U.S. predicting steady rise in greenhouse emissions
- U.S. predicting steady rise in greenhouse emissions
Bush administration draft report projects almost 20% rise in U.S.
emissions by 2020.
By John Heilprin
Sunday, March 04, 2007
WASHINGTON By 2020, U.S. emissions of the gases that lead to global
warming will be almost one-fifth higher than they were in 2000,
increasing the risk of drought and scarce water supplies.
That projection comes from an internal draft report from the Bush
administration that is more than a year overdue at the United
Nations. The Associated Press obtained a copy Saturday.
The United States already is responsible for roughly one-quarter of
the world's carbon dioxide and other so-called greenhouse gases that
scientists blame for global warming.
The draft report, which isn't completed, projects that the current
administration's climate policy would result in the emission of 9.2
billion tons of greenhouse gases in 2020, a 19 percent increase from
7.7 billion tons in 2000.
The administration will decide whether to do more than slowing the
growth rate of greenhouse gas emissions, which is its stated
goal, "as the science justifies," the draft report states. The
biggest source of the gases is the burning of fossil fuels, chiefly
oil, coal and natural gas.
Shortly after taking office, President Bush rejected the 1997 Kyoto
Protocol, a U.N. treaty that requires industrial nations to cut
global warming gases by 2012 by an average 5 percent below 1990
"We're on a path to exceeding levels of global warming that will
cause catastrophic consequences, and we really need to be seriously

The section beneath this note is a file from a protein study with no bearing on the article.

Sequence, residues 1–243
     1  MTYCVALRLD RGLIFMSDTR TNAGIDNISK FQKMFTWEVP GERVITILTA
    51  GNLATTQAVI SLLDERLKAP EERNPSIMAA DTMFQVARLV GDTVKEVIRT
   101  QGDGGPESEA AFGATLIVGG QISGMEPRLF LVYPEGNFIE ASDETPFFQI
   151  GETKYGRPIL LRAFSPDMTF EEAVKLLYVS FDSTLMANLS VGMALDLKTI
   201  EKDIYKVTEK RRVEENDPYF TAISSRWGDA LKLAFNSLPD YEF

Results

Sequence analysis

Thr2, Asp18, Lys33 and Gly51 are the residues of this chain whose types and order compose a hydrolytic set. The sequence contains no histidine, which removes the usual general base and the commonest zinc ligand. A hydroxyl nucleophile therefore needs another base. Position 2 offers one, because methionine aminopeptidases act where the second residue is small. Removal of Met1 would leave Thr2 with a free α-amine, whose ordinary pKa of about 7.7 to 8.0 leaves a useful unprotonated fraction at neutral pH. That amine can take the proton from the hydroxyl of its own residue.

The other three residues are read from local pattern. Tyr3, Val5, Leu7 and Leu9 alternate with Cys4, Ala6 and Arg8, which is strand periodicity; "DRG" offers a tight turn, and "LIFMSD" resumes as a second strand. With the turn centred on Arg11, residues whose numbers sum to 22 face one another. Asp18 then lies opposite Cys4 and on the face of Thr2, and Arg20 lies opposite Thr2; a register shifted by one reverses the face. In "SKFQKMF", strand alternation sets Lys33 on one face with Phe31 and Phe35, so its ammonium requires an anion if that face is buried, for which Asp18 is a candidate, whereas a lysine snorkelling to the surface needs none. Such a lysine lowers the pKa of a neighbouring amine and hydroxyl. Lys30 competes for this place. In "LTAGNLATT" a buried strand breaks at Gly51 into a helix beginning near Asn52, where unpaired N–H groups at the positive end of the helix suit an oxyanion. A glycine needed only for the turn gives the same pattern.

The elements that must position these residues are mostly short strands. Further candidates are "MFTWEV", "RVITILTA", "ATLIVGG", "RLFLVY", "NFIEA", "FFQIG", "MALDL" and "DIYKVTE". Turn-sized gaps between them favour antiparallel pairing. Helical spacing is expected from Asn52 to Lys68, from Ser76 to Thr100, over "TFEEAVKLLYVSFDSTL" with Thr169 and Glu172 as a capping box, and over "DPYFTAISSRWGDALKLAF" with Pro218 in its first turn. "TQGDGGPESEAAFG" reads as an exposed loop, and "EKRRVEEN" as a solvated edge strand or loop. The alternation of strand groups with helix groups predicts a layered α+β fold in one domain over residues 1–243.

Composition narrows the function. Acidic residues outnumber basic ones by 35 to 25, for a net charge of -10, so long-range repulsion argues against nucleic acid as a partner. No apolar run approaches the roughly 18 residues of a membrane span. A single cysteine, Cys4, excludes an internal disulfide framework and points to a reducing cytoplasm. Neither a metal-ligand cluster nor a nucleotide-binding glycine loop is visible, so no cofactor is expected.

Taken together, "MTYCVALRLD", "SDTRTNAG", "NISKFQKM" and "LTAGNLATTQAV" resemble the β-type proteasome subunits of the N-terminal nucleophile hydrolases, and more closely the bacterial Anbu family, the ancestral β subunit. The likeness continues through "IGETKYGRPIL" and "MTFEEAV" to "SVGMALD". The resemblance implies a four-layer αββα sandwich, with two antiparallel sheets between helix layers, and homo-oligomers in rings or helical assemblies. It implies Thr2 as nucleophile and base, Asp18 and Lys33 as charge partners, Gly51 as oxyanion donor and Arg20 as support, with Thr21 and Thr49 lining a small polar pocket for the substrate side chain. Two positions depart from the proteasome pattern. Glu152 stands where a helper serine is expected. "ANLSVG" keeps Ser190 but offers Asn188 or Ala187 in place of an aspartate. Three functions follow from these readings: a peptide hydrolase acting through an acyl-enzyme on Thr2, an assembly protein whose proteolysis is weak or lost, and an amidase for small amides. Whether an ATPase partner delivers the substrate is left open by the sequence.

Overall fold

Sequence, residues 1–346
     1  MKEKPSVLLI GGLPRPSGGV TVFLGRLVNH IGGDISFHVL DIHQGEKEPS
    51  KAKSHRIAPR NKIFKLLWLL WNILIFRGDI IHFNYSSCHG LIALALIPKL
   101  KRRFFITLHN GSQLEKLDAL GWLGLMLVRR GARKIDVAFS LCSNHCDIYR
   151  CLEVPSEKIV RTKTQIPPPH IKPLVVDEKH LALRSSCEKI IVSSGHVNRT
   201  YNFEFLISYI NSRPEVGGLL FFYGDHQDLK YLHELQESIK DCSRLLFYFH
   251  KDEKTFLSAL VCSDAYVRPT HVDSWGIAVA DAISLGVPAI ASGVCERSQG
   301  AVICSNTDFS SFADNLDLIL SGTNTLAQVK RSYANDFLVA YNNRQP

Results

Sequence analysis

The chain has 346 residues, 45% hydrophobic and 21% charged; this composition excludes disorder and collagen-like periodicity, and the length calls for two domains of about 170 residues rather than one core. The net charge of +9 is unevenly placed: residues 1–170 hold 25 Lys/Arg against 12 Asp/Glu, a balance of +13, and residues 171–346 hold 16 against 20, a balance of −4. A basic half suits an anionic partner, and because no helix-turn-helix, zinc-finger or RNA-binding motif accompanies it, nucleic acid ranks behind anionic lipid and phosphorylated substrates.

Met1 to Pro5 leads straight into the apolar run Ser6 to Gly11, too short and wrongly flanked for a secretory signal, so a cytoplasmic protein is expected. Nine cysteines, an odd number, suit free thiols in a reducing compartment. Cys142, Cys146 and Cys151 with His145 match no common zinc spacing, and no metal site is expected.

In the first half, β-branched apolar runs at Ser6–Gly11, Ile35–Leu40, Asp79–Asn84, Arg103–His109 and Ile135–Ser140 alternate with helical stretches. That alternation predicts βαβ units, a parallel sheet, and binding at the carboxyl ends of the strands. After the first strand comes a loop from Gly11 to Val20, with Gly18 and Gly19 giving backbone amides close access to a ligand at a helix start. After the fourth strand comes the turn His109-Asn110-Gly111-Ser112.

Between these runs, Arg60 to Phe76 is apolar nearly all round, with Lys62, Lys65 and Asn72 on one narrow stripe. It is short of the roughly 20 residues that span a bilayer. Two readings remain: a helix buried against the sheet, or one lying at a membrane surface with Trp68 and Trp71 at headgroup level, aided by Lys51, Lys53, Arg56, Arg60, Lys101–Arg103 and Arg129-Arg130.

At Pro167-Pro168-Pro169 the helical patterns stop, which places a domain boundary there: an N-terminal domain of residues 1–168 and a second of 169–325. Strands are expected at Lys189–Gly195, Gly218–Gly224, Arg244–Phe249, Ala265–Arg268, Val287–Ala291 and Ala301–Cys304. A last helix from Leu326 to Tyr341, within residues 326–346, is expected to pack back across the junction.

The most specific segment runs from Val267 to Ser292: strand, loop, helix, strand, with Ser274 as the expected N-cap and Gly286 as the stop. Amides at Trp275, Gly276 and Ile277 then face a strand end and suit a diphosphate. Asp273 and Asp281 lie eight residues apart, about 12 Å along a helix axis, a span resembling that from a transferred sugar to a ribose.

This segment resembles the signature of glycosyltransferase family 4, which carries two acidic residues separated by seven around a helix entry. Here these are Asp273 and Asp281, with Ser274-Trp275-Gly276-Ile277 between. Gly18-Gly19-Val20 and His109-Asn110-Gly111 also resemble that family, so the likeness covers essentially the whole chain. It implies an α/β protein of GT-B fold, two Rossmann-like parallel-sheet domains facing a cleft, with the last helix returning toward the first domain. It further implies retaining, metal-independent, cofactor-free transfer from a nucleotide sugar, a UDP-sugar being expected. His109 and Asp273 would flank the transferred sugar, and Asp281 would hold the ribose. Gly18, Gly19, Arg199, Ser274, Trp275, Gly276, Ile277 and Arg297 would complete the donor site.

reducing emissions, not just reducing the growth rate as the
president is doing," Michael MacCracken, chief scientist at the
nonpartisan Climate Institute in Washington, said Saturday.
The administration's internal draft covers inventories of carbon
dioxide and other greenhouse gases, projected environmental
consequences and policies to limit emissions and risk.
The White House Council on Environmental Quality has been
coordinating the draft report. A spokeswoman, Kristen Hellmer, said
it "will show that the president's portfolio of actions and his
financial commitment to addressing climate change are working. And
the president is always looking at ways to address our energy
security and environmental needs."
Among the consequences of a warming world anticipated in the report
is "a distinct reduction in spring snowpack in the northwestern
United States," which supplies much of that region's water, the draft
Warmer temperatures expected from more greenhouse gases
would "exacerbate present drought risks in the United States by
increasing the rate of evaporation," it says.